LONDON – Eve Harris almost got fired from her job teaching English literature at an ultra-Orthodox girls’ school when she tried to explain William Blake’s poem “London.” The problem was that it included the word “harlot.”
“I was told to say it was like a fallen woman in the Bible, and give them a knowing look,” says Harris, a secular Jew. “The bright ones were winking at me, the less bright ones didn’t understand. In the end, I said it is a woman who sells her body for money. Of course one girl scribbled it all down, her dad saw it and wrote a stinking letter, and I got into trouble.”
Her experience in the school – and in particular, of the “feistier” girls – eventually led to her new book, “The Marrying of Chani Kaufman,” set in the ultra-Orthodox London neighborhood of Golders Green. Her first novel, it was long-listed for the prestigious Booker Prize, although it failed to make the short-list.
“Some people said it wasn’t literary enough to be on the long-list, but that was why it is so popular,” she says in a phone interview. “It is very readable.”
The book interweaves the stories of several figures struggling with the demands of their community and of their religion. The title character, Chani, is about to be married off to a boy she hardly knows, and whose family does not consider her good enough. (In one scene, Harris pays homage to the famous encounter in “Pride and Prejudice” between Lady Catherine de Bourgh and Lizzy, when the mother of the groom tries to bully Chani into dropping the shidduch, only to bolster her determination to go through with it.)
Meanwhile Chani’s rebbetzin, Rifka – the most fully realized character – is having a full-blown crisis of faith, sparked partially by a bereavement, years ago, which she never properly dealt with. And Rifka’s son, Avromi, is secretly dating a non-Jewish girl after he persuaded his parents to allow him to attend a non-Jewish college.
In less than 400 pages, Harris deals – largely sympathetically — with some of the haredi world’s biggest problems: the shidduch system which disadvantages those with no money or status, the pressure to conform, “off-the-derech” or rebellious youth, and the difficulties experienced by ba’alei tshuvah, or returnees to the faith.
But Harris says the themes are universal, noting for example that her own friends’ struggles to find love.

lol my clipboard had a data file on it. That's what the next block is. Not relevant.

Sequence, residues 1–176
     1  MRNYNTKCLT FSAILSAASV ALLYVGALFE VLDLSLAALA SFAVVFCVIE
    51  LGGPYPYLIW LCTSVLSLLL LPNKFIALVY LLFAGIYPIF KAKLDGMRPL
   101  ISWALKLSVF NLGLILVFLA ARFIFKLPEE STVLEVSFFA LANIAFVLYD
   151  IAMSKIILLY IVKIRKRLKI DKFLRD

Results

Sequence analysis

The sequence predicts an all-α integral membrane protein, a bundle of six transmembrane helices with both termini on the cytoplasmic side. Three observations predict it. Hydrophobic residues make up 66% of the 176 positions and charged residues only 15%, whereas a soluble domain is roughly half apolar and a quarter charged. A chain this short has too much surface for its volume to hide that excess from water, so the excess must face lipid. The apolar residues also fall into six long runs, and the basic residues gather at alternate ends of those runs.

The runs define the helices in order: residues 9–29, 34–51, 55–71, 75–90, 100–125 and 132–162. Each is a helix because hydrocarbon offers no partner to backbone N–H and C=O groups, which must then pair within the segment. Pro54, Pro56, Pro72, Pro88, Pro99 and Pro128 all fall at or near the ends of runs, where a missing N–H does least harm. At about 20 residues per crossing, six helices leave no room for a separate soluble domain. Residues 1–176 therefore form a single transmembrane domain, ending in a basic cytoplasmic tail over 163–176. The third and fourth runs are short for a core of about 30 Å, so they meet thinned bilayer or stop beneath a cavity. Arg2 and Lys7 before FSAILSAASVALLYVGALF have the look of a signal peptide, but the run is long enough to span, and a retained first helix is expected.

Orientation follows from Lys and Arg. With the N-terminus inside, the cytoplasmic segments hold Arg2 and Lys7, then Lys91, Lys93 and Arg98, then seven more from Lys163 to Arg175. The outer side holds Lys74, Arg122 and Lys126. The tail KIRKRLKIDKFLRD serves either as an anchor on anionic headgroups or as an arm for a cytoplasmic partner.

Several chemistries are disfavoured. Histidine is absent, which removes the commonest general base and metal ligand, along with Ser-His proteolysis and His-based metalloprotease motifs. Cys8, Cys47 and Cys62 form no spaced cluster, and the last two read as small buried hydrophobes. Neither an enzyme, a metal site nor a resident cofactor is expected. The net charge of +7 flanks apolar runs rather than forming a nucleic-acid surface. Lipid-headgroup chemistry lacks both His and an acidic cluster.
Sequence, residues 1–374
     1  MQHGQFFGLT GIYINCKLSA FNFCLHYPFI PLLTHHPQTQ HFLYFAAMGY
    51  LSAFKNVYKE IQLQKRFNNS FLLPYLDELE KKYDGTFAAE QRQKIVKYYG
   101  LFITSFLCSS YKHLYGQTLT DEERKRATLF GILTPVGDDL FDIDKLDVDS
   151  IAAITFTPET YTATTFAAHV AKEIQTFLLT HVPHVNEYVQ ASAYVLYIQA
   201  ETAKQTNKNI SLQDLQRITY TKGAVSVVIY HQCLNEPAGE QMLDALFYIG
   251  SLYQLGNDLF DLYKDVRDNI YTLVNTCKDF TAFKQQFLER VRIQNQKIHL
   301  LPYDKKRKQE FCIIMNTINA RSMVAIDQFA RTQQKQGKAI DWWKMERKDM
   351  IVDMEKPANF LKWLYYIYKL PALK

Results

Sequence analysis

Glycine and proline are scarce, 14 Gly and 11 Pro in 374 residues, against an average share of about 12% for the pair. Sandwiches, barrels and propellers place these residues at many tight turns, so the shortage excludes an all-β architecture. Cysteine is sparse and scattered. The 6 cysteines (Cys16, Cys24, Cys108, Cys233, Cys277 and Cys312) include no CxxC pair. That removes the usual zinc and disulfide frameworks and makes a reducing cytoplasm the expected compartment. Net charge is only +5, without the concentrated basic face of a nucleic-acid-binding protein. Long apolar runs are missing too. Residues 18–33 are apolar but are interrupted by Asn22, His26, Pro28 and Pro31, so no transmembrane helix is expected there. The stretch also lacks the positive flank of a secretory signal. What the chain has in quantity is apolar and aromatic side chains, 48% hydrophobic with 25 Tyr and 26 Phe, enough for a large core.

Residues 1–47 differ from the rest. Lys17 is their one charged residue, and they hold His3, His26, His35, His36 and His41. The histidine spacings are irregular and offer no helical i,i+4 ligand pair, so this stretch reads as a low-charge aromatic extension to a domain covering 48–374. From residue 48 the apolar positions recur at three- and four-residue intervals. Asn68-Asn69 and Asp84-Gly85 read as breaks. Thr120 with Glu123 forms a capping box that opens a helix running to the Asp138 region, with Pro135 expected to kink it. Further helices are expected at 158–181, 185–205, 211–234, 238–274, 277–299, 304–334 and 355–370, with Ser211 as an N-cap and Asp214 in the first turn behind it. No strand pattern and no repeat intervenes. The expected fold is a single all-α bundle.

“When I was working in the community, I felt these were ordinary people living religious lives,” she says. “I made [my characters] normal and approachable and loveable. It’s an ordinary story about people and their love lives, set in an exotic setting for some.”
Harris, 40, seems an unlikely candidate to be bringing the haredi world to the masses. She grew up in Chiswick, a suburb of West London, and was one of only two Jews in her school. Although she always had a fierce Jewish identity – her mother is Israeli and her father a Holocaust survivor who “never let me forget he nearly died for his Judaism” – she says she had no religious tradition at home and missed being part of a community.
“I had none of the joy of it,” she says.
Harris, who nowadays lives in a more Jewish part of London, trained as a teacher and spent over a decade in non-Jewish schools, as well as two years teaching in Tel Aviv, as she is a passionate Zionist.
Working in a haredi environment – she prefers not to name the school — was for her “like walking into the set of ‘Witness’ or an Amish village,” and occasionally gave rise to funny situations, such as when a student spotted her walking in jeans, hand-in-hand with her fiancé, and the class later asked where her “chosson” lived. She avoided telling them they were co-habiting.
There were other clashes over the material taught – she recalls a skirmish over an illustration of Julius Caesar in which he appeared shirt-less – and some frustration that the girls’ education was being limited. The girls from more modern families were not completely naïve, she notes, for example telling a biology teacher who accidentally mentioned the word “sperm” that they knew exactly what she meant.